But however the different points came together, Zatko’s claims are probably the strongest evidence Musk now has.
The terms of the Twitter deal set a high bar for backing out simply based on newly discovered information about things like bots. But Zatko’s report does outline a number of risks and blunders that weren’t publicly known. Musk could say Twitter failed to disclose serious operational problems in reports like its SEC filings — and that he was relying on those reports when he agreed to the acquisition. That would bolster his case that Twitter hid damning info that should sink the deal.
Would it bolster it enough to actually win? Some observers think there’s at least a chance.
“My first reaction was, well, Musk signed this contract that made due diligence irrelevant,” says Chester Spatt, a professor of finance at Carnegie Mellon University’s Tepper School of Business and former chief economist at the SEC. “But I think there’s much more to the story than that. Because I think he can argue, probably quite reasonably, that he was relying on the company’s disclosures. And the whistleblower is calling into question not only directly some of his interactions with the senior executives, but at least indirectly, he’s calling into question the company’s disclosures.”
This view is echoed by Ann Lipton, a law professor at Tulane University. (Lipton’s full Twitter thread on the report is well worth reading.) Lipton is unconvinced by Zatko’s specific claims about bots since even Zatko isn’t quite calling them bald-faced lies. He’s more asserting that Twitter is calculating its user numbers in a self-serving, disingenuous way. But she agrees the disclosure issue is a potential problem, even though it largely involves complaints Musk never actually made — but will probably now add to the case.
“I think his claims about bots strengthen Twitter’s side — he admits the [monetizable daily active user] figures are accurate, he simply thinks Twitter should use alternate metrics,” Lipton tells The Verge. “But his other allegations about various internal problems could present a problem for Twitter.” If they’re bad enough to seriously threaten the company’s long-term financial health, there’s a chance they’d constitute a “material adverse effect” that violates the contract’s terms and lets Musk walk away.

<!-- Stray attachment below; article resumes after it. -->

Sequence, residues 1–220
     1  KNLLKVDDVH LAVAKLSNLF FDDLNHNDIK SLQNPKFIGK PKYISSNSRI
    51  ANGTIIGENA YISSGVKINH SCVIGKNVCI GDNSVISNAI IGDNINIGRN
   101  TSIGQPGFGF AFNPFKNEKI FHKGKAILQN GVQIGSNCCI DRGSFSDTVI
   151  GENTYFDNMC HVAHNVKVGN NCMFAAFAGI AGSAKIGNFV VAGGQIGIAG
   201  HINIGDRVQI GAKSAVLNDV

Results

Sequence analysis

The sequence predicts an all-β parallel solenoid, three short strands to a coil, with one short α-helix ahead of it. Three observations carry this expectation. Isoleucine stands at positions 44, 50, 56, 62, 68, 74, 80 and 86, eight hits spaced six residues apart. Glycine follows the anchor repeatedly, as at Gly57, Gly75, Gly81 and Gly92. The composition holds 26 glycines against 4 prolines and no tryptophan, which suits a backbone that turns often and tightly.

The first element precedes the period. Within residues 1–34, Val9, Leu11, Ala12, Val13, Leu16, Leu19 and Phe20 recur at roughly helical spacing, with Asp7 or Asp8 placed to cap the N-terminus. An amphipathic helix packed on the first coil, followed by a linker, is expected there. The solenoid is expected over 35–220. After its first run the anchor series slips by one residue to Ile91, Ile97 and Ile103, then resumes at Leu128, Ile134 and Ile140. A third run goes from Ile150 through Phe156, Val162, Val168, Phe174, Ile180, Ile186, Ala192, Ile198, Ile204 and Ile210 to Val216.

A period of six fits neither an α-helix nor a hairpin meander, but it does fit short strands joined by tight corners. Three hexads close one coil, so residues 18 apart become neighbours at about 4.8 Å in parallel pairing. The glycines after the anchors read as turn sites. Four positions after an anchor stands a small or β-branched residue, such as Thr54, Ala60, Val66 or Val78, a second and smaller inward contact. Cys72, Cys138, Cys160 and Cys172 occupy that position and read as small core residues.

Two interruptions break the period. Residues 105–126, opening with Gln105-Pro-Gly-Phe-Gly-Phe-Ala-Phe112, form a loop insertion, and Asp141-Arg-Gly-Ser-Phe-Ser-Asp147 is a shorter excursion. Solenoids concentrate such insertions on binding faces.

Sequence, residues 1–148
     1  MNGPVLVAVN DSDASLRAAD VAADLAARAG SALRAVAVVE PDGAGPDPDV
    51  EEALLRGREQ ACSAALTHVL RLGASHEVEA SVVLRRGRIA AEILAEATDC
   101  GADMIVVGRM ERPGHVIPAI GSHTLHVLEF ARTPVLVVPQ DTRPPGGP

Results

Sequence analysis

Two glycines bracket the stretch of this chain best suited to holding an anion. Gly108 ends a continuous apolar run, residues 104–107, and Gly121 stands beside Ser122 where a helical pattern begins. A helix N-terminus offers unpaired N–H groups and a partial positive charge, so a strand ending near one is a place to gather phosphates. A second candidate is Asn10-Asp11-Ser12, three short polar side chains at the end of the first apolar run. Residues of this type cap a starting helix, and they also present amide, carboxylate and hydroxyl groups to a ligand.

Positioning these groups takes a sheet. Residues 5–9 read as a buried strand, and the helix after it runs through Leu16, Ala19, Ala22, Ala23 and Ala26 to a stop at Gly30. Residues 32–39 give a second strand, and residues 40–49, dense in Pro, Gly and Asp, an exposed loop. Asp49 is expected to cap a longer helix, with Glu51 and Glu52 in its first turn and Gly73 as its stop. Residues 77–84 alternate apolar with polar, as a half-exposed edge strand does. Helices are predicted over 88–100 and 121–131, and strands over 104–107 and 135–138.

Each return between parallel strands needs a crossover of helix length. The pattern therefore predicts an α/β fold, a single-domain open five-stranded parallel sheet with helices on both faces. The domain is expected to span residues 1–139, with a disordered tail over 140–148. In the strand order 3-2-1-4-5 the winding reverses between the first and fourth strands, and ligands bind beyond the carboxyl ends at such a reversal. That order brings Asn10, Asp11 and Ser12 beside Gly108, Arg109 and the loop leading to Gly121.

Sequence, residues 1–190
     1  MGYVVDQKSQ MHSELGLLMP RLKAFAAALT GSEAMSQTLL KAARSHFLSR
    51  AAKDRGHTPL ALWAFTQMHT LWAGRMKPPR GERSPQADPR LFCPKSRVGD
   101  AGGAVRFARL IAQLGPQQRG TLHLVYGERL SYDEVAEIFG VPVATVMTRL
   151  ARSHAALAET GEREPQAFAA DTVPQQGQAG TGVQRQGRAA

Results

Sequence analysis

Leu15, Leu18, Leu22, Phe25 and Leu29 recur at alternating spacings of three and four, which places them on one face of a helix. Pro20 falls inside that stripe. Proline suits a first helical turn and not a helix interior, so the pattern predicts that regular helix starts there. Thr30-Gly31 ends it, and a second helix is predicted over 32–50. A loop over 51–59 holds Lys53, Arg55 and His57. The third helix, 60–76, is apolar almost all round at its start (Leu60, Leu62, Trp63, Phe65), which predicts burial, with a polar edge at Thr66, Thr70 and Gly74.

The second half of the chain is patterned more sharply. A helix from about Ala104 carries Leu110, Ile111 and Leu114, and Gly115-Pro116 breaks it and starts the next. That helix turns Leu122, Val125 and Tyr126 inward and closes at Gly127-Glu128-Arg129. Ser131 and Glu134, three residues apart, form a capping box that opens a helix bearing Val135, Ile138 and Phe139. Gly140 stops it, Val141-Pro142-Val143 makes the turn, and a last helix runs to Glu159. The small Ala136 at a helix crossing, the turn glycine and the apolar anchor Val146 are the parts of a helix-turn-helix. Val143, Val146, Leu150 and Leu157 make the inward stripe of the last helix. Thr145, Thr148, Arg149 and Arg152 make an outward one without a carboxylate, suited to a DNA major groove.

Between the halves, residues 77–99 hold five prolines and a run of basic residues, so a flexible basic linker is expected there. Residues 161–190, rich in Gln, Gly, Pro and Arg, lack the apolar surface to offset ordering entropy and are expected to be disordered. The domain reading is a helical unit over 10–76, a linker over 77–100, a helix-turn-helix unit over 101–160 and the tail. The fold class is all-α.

Unfortunately for Musk, it remains difficult by design to break these deals. As Spatt noted, Musk made the bar higher by waiving the due diligence that might have uncovered operational issues at Twitter. In recent years, courts have forced through mergers even when serious financial problems were discovered, as in a 2001 case that ended with Tyson Foods being forced to acquire its rival IBP.
“The allegations seem significant and moderately improve Musk’s case,” says Yair Listokin, a professor at Yale Law School. But he sees a strong analogy to the IBP case. “The contract is written to make it hard for this type of argument to succeed.” Spatt also agrees that the case is far from a slam dunk, even if Musk’s chances are better now.
It’s also worth noting that, so far, we’ve mostly heard Zatko’s side of the story. As I said before, I find many of the report’s claims plausible, but a whole lot of specifics remain redacted. Even in its bombshell report, the Post noted that “Zatko provides limited hard documentary evidence in his complaint regarding spam and bots.” And Agrawal responded to the release with an assertion that Twitter will “pursue all paths to defend our integrity as a company and set the record straight” — which strongly suggests the possibility of legal action against Zatko.
All of this still gives Musk more leverage before the trial. If his goal is negotiating Twitter’s price downward, for instance, he’s in a better position to do that. But in the long term, experts mostly seem to be upgrading the billionaire’s case from “shamelessly bad” to merely “dicey.”